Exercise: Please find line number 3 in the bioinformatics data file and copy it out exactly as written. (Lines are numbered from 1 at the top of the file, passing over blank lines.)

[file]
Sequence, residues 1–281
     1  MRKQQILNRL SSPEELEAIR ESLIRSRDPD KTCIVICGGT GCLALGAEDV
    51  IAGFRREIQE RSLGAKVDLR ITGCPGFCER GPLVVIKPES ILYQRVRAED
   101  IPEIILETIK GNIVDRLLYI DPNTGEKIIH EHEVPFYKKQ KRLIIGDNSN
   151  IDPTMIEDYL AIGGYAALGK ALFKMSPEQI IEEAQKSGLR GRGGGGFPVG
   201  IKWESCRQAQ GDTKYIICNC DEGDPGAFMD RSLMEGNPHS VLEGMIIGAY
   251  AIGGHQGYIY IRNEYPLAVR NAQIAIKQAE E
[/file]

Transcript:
    51  IAGFRREIQE RSLGAKVDLR ITGCPGFCER GPLVVIKPES ILYQRVRAED